11 Gather data to document the problem
What are the issues related to the problem in your community? What are the consequences of these issues? Who is affected? How are they affected? Are these issues of widespread concern?

12 Data Sources Government records. Hospital and police records.
Local and national agencies and organizations. Schools and libraries. Government websites.

13 Agents of Change Who is in a position to create or block change?
What neighborhood groups are most affected? What individuals and groups make things happen? Who are important contacts to reach officials, individuals, and groups?

14 Reaching Consensus in Group Meetings
Avoid “one best way” attitude. Avoid “either/or” thinking. Combine points of view rather than “majority rule”. Do not end healthy conflict prematurely. Solve problems by all participants communicating and listening.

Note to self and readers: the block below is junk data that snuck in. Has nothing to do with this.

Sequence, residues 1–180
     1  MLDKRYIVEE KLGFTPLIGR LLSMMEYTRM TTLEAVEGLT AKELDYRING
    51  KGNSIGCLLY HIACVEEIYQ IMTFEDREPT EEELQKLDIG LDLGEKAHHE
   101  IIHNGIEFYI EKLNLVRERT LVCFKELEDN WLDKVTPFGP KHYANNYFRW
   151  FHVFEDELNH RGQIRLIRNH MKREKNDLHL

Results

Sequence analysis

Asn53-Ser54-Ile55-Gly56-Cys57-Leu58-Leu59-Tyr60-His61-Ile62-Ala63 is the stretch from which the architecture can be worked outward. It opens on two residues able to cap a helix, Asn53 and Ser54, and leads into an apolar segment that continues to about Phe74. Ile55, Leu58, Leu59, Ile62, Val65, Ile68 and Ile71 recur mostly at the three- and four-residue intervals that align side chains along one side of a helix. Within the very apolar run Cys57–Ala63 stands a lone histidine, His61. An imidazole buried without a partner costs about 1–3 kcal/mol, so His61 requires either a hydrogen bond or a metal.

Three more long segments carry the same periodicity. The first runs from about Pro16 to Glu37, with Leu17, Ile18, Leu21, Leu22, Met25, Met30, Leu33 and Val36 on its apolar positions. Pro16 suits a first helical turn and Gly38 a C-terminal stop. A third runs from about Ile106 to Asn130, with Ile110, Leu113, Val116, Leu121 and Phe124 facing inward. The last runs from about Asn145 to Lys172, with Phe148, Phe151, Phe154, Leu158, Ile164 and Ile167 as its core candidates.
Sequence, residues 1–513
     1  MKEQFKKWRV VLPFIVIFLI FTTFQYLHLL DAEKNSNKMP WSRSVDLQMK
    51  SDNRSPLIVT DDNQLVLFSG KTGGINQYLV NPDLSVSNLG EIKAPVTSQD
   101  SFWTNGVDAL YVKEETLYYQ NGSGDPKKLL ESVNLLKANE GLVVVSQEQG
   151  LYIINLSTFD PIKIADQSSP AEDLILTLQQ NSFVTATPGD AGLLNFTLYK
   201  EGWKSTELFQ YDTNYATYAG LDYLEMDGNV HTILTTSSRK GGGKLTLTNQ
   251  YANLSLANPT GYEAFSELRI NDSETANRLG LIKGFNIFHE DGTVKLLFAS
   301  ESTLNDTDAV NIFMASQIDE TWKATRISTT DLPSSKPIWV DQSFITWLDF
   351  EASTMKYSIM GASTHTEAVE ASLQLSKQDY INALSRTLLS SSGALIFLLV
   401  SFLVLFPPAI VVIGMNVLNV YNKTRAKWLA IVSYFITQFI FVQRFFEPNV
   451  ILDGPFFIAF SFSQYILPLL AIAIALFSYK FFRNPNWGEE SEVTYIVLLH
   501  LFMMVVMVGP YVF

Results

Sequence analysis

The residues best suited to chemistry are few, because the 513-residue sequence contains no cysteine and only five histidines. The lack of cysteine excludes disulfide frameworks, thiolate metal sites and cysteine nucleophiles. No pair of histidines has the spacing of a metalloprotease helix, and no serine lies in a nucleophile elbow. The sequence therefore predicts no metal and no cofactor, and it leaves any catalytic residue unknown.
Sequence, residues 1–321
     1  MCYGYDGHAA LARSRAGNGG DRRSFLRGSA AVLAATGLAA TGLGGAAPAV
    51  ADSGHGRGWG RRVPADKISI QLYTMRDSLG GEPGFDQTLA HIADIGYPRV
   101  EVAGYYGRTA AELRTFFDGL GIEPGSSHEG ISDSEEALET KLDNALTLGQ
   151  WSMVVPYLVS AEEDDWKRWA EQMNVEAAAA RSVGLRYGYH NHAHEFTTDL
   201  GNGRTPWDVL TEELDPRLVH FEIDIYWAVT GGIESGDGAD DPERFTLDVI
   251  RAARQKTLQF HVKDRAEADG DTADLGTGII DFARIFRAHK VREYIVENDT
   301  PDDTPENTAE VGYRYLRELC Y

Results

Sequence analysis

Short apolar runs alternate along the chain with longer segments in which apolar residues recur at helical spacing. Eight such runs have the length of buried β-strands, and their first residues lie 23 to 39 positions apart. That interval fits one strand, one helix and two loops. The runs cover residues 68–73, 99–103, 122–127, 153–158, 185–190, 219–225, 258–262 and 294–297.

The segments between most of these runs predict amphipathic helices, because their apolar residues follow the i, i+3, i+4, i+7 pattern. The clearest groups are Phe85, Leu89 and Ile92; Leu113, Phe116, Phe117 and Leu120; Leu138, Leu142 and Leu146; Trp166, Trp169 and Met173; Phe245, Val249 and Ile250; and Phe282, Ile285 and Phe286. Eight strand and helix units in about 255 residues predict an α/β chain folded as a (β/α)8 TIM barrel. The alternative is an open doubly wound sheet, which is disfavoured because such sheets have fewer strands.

15 Approaches to Conflict Resolution
Avoidance: Temporarily avoid the problem. Accommodation: Ask participants to yield to the positions of others. Compromise: Everyone wins but also gives up something. Collaboration: For issues of greatest importance, consider many possible solutions, the consequences of each, and select the alternative.

16 Tips for Group Facilitation
Seat participants around small tables or in semicircles. Ask questions frequently and use open-ended questions. Create opportunities for participants to work in teams. Give small assignments in advance. Encourage participants to offer solutions. Talk with quiet participants during breaks and help them express their ideas and share their thoughts with the group.

17 Tips for Group Facilitation (cont.)
Use flipcharts or overhead transparencies to record comments, but face participants while writing or ask someone else to do it. Suggest the “next step” if a meeting seems to be stagnating. Walk around to gain attention, but look directly at participants. Expect to make some mistakes.

18 Brainstorming Sessions
Freewheeling: suggestions are called out randomly. Round Robin: each member gives a suggestion in turn. Slip: each member submits a suggestion on a slip of paper.